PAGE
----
If you’ve already done kombucha or want to give it a pass, the next one I’d recommend is kefir. If you’d like to avoid dairy, the next one I’d recommend is a very basic sauerkraut. Just cabbage and salt.

For more videos on kombucha and the rest of it, visit our Fermaculture Youtube Channel.


Should We Still Eat Salmon?

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Salmon is one of those foods thought of as a superfood. It’s widely known for it’s omega 3 properties, DHA and good fats but there are a number of developments leading me to question if this food will disappear from my kitchen.


Farmed VS Fresh Salmon

Anything you can get fresh, wild, sustainable and from its natural surroundings is always the best to eat. When Salmon are wild, the food they are eating is also wild. It’s not messed with, enhanced, or changed into something that is “economically viable”.  Eating wild salmon is great. And delicious! It also can be expensive.

In the past I learned that farmed fish is not so great in a number of locations throughout the world. There are a number of reasons for this. Water quality can be poor and polluting as a result of farming (depends on location), fish food is most often from unsustainable sources and sometimes bizarre, and weird things can be done to the fish (like adding sunscreen for prawns in Thailand).

I had thought that in Australia, the standard to farmed fish would be quite high, and that it may be an option for me. I have discovered this not to be the case and here’s why.

Salmon Farms:

  • use fish food containing things like chicken feathers and other land animal by products
  • use fish food with synthetic colour added.  Without this, the salmon would be white or grey in colour.
  • fish food can drop to the ocean floor, change it and pollute.
  • put stress on the environment and wildlife surrounding the fish farms.


I’m of the opinion that the animal proteins we eat should be from as close to it’s natural setting as possible. For salmon, this means eating salmon  that eats the crustaceans and other natural foods that it should. A healthy diet for a salmon means the best health benefits for us in eating it.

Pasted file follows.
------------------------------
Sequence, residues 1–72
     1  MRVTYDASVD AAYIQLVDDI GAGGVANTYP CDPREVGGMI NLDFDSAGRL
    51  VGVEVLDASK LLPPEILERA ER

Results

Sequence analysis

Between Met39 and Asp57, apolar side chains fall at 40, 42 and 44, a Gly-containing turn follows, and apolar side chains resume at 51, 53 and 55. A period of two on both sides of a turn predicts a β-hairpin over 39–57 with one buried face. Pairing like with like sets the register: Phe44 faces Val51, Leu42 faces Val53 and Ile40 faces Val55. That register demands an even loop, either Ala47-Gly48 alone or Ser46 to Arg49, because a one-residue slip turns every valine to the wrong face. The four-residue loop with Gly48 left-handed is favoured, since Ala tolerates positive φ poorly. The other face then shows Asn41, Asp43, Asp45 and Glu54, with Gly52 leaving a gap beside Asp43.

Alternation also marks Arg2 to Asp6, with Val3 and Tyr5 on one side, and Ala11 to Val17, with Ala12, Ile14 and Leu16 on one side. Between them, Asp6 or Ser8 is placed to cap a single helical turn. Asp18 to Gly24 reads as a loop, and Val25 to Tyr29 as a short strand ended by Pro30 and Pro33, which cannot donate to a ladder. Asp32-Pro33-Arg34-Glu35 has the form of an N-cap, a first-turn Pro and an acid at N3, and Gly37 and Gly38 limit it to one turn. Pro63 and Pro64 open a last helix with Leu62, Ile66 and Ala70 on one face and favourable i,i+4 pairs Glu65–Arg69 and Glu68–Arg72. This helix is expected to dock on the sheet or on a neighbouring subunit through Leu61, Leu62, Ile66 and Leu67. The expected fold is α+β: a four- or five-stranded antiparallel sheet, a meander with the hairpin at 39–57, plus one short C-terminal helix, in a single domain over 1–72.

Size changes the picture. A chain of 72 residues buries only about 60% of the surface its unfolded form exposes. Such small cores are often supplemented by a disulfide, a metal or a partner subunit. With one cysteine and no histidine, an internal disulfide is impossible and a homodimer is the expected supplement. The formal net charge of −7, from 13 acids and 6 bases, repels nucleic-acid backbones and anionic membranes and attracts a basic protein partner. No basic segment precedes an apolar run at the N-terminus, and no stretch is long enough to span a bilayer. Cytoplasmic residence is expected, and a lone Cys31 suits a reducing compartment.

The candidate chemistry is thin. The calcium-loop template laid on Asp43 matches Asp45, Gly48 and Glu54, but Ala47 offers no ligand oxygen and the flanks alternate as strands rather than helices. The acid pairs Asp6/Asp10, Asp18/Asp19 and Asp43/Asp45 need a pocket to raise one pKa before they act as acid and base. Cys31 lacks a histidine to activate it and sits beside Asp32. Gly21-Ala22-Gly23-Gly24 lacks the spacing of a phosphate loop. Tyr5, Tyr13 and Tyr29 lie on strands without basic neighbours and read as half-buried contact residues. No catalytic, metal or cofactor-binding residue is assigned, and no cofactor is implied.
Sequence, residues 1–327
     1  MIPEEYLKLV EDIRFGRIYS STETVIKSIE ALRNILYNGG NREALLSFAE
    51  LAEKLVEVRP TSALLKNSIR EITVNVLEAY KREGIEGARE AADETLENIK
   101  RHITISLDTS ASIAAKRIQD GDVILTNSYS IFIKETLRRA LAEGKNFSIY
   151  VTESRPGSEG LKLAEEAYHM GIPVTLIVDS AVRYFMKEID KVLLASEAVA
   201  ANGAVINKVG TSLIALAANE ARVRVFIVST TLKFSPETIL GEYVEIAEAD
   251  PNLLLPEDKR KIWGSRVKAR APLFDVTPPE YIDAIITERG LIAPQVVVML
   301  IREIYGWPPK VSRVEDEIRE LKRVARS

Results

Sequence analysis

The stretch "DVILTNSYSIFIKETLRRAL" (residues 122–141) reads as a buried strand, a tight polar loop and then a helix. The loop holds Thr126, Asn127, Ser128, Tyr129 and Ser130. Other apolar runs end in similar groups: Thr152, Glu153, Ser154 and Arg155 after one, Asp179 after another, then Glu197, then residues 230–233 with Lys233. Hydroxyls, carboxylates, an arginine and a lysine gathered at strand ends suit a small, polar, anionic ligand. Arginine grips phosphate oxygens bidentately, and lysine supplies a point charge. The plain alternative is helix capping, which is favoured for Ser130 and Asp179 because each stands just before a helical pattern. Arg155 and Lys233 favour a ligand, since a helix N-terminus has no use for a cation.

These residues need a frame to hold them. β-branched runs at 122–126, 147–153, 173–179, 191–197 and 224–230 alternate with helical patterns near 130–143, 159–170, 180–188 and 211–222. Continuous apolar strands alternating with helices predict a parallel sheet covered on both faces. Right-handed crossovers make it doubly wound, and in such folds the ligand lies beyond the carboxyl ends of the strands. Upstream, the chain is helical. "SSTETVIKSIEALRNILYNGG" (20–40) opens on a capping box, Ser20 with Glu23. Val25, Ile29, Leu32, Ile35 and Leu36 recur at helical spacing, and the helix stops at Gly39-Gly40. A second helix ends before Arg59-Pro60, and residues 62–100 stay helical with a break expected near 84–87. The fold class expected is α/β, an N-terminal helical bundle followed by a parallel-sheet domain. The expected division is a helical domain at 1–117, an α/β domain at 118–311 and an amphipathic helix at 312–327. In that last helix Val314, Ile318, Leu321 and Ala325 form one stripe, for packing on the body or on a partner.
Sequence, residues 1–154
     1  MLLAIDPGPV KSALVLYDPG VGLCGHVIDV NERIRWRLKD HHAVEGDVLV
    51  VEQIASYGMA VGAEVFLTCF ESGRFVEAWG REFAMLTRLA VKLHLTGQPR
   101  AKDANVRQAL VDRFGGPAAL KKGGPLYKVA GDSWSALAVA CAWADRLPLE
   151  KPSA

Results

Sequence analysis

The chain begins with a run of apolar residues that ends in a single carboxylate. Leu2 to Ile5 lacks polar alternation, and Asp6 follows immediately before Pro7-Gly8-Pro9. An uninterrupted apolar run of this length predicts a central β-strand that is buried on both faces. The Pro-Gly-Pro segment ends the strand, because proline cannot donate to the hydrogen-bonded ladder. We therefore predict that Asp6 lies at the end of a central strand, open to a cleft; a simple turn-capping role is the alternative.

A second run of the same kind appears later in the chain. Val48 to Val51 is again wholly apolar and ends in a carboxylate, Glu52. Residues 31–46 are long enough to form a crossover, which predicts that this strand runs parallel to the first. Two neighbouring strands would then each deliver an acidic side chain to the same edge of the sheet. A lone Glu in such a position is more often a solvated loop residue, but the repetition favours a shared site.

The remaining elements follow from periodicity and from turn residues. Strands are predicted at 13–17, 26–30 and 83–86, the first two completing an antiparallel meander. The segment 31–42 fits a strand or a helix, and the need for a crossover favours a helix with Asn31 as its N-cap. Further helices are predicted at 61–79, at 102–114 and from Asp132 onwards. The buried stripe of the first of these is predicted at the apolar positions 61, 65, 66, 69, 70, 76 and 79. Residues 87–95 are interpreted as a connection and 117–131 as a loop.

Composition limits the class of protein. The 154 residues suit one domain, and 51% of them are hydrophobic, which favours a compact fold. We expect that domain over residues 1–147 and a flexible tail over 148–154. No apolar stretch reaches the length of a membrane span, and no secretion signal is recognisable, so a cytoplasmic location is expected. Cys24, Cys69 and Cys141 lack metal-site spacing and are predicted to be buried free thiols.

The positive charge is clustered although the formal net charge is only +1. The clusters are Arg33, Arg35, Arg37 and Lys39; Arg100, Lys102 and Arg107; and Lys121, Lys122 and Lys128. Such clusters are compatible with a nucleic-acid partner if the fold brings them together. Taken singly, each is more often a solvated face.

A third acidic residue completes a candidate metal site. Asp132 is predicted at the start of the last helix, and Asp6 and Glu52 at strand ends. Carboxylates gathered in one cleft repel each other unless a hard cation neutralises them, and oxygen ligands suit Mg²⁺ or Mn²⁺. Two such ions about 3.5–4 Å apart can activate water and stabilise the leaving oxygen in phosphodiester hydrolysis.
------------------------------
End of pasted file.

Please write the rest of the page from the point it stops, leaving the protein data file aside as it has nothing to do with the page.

Introduction of Genetically Modified Salmon

In the USA, GMO salmon has been approved to be sold and safe to eat (although it’s not being sold at time of writing). We believe that GMO crops have led to many health problems and environmental problems and so this is a very worrying development.

One big issue with this is the possibility the genetically modified salmon will interbreed with normal salmon. After that, who knows what will be what. A very informed friend on mine has stopped eating salmon specifically for this reason – and they stopped years ago.

So What Should We Do?

This is what I will be doing:

  • eat only Pacific / Alaskan Salmon. (It’s wild caught and not endangered)
  • avoid Atlantic Salmon (it’s farmed or endangered)
  • use walnuts, chia seeds, mackeral or hemp seeds for omega 3
  • use salmon for flavour in a meal rather than a main part of it

If you want to be really active about salmon, you can even contact salmon fisheries letting them know you won’t be buying salmon anymore after the introduction of GMO salmon.

It’s such a beautiful food, let’s hope it continues to be that way.